Leading behind

Leading from behind

Leading a horse behind is relatively easy if he has begun to trust you.
You can invite him in and he has accepted you as his leader.
Because the horse is a herd animal to and wants to be in a group with those he trusts and we should strive to achive that role.
I will now go through a few exercises that can make this work easier for us, to make the horse lead well, to keep good balance in whatever we are working on, overall to work well in hand.
Reacts correctly and is sure that he is reacting correctly and according to his nature.
One exercise used to prepare for leading from behind, which as I said is easy to teach a horse if he has that already learned to trust and accept us.
The most inviting gesture is just to show him our back and walk ahead and he will follow.
But not all horses do this right away. There may be need for some disciplinary work first, to discipline a little bit and to put the horse in his place.
Some horses are quite pushy and overbearing and think themselves very important. We need to make them accept that we control things and they should obey.
The best exercise to teach a horse to be lead from behind, is to intermittently invite him in and then stop.
This mare was quite pushy, even as a foal and you can see in her behavior and demeanor, like for instance her tail, that she is having a little bit of a hard time stepping those steps back. But as soon as she does that I invite her back in.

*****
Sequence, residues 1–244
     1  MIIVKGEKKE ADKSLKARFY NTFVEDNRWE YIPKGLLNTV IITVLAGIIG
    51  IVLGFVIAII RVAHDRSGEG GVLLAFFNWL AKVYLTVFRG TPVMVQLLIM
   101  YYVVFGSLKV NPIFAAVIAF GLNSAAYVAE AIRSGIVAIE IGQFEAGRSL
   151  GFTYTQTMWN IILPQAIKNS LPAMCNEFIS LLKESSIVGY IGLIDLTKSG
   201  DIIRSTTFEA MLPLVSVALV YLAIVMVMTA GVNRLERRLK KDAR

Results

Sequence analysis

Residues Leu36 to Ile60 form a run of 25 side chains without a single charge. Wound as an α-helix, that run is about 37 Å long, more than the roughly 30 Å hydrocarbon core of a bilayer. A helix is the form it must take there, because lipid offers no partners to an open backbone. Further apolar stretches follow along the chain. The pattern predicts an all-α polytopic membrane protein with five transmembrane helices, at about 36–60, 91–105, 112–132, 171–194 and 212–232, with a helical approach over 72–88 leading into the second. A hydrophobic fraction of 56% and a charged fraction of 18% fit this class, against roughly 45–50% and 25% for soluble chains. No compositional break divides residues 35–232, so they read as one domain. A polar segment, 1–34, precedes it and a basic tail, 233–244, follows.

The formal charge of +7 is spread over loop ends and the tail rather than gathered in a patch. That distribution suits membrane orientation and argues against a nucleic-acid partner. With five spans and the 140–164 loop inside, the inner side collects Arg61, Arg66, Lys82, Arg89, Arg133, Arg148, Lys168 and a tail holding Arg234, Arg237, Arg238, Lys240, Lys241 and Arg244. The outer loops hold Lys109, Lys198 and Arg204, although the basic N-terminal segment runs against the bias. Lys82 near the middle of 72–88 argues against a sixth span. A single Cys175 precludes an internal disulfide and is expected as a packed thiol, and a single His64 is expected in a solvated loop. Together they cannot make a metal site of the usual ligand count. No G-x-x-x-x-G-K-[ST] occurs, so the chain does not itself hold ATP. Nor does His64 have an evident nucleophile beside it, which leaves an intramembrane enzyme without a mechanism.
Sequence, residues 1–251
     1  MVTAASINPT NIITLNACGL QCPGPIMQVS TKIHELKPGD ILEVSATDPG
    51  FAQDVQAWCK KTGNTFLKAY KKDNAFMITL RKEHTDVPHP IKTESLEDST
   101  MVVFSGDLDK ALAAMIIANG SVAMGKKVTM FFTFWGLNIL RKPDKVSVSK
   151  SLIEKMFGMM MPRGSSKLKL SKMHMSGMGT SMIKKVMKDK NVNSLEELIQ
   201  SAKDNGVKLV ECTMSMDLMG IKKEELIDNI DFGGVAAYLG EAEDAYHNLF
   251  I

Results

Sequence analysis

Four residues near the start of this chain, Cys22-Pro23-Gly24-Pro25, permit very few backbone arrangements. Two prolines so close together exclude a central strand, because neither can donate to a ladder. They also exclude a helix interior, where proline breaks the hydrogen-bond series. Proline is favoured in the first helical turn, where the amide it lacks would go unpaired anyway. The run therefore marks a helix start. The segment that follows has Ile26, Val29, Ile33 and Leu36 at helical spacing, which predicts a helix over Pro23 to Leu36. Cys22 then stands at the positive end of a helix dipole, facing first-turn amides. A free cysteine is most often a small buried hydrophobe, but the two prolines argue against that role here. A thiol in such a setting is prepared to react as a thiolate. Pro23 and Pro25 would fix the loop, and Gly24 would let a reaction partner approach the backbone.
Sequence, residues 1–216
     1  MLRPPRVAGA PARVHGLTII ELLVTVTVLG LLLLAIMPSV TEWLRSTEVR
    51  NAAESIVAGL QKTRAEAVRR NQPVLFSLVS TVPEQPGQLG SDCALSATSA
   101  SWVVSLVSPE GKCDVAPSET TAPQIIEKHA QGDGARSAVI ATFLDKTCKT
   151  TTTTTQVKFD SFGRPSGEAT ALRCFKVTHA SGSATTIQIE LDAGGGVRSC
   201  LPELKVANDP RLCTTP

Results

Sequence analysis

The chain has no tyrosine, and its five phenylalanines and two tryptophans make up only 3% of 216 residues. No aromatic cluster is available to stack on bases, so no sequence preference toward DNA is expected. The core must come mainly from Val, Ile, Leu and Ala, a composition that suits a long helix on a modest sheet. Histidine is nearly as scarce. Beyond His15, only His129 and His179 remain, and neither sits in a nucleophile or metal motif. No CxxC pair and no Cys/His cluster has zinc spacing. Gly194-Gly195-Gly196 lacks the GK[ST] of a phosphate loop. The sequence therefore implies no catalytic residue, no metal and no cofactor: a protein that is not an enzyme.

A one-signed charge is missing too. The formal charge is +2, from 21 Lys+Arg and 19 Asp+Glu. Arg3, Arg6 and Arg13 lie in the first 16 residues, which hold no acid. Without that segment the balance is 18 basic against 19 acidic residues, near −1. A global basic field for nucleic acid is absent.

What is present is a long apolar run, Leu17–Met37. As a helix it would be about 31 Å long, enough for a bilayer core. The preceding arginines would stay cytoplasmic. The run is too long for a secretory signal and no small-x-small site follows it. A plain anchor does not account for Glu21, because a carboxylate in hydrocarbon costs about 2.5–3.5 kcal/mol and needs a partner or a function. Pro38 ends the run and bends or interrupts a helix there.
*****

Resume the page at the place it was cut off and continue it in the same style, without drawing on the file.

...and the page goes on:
When inviting a horse in like this, it is best to lead like this and back up.
Then we can see if the horse is focused on following us and is not trying to push past us on the left or right side, not trying to push on or up to close.
If we see that it is trying that it is best not to have the rein to short, we raise us up and thereby we warn him right away and just to strenghten the message we can let the rein vibrate just a little bit.
In some cases we may even need to touch a very pushy horse.
When the horse starts to understand, steps the step back and then allows us to invite him in, then we can try to see if he will follow us.
We actually need this type of leading more than by the side. We need to walk throuhg narrow walkways, through gaits and narrow spaces and we use leading from behind more than by the side.
We can reaffirm this exercise this if the horse starts to become overbearing and pushy again by stopping abruptly and make ourselves big and broad.